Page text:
Discipline 3: Translate lofty goals into specific actions
Simply defining goals and building a scorecard, however, is not enough. To achieve goals you have never achieved before, you need to start doing things you've never done before. Albert Einstein wrote, "Insanity is doing the same thing over and over again and expecting different results." Making goals a reality is all about doing something, but also doing it better and differently than before.
Many firms take a long-term view when striving to accomplish their goals. One secret to getting things done is to identify those things that you can actually accomplish in the span of a week. A week represents an ideal "chunk" of time in which to break down the work into bite-sized, do-able pieces. A week is long enough to be meaningful, but short enough to be actionable.
When performing weekly action planning, first ask yourself: "What are the things I can do this week to move the firm's goal forward?
Then, take each of the items generated by that question, and ask yourself the following questions: What are the three most significant things I can do to move the goal forward this week? And what would it be worth if everyone on the team actually did the three most important things they could do to move the goal forward this week? Or next week?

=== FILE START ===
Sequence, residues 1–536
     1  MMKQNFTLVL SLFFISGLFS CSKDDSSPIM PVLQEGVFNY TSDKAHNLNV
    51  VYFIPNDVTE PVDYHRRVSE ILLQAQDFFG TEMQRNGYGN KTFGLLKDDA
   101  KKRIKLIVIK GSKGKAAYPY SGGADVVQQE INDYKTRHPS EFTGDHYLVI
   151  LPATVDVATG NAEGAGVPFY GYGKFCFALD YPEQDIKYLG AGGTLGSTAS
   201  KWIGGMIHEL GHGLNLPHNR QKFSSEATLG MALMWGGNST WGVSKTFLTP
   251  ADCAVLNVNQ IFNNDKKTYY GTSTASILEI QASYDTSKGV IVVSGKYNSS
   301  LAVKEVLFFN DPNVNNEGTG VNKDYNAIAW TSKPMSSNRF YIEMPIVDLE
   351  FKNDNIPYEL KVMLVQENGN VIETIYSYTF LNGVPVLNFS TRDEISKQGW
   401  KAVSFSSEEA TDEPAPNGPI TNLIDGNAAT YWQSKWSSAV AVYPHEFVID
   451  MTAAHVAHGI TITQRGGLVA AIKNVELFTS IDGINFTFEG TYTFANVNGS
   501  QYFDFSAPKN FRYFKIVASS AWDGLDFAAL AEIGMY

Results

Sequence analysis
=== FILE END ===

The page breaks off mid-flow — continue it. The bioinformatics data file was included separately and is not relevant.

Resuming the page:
Discipline 4: Hold everyone accountable - all the time
Simply telling staff or sending out a memo about the goals almost never works. It is a leader's job to seek and maintain everyone's commitment and accountability and to recognize that not everyone in the firm will have the same level of commitment to the goals.
When team members engage each other in commitment to the goals, however, they also hold each other accountable on a consistent basis - people feel accountable to each other in addition to their leaders.
In "The Four Disciplines" workshop, we gauge each team member's commitment. After the measurement is taken, we debrief them by asking the following types of questions:
* How many team members scored themselves higher than they scored the team?
* What is the implication of low scores?
Again, maintaining strong accountability requires reporting on progress as well as re-engaging team members on a regular basis and re-committing them to the cause.
Implementing the disciplines
Strategies are generally not implemented when the ideas come only from the leaders. They are usually successfully implemented when everyone is involved in the design and, therefore, is committed.
A long-held principle suggests, "No involvement, no commitment." The best ideas come from interaction between leaders and their people - usually those on the front line. Buy-in is key to execution. The following are things you and your team need to do:
* Schedule and hold a goal-clarity work session to define the team's WIGs and measures.
* Allow sufficient time for the development and reworking of the goals.
* Work with your team to create a compelling scoreboard for their WIGs.
* Recruit internal champions to help gain momentum.
* Hold regular WIG meetings. (These are not your typical staff meetings.)
In summary, we invite you to think differently about your next partner retreat, strategic planning session or team meeting. Next time, create a great plan, but an even better strategy for executing the plan.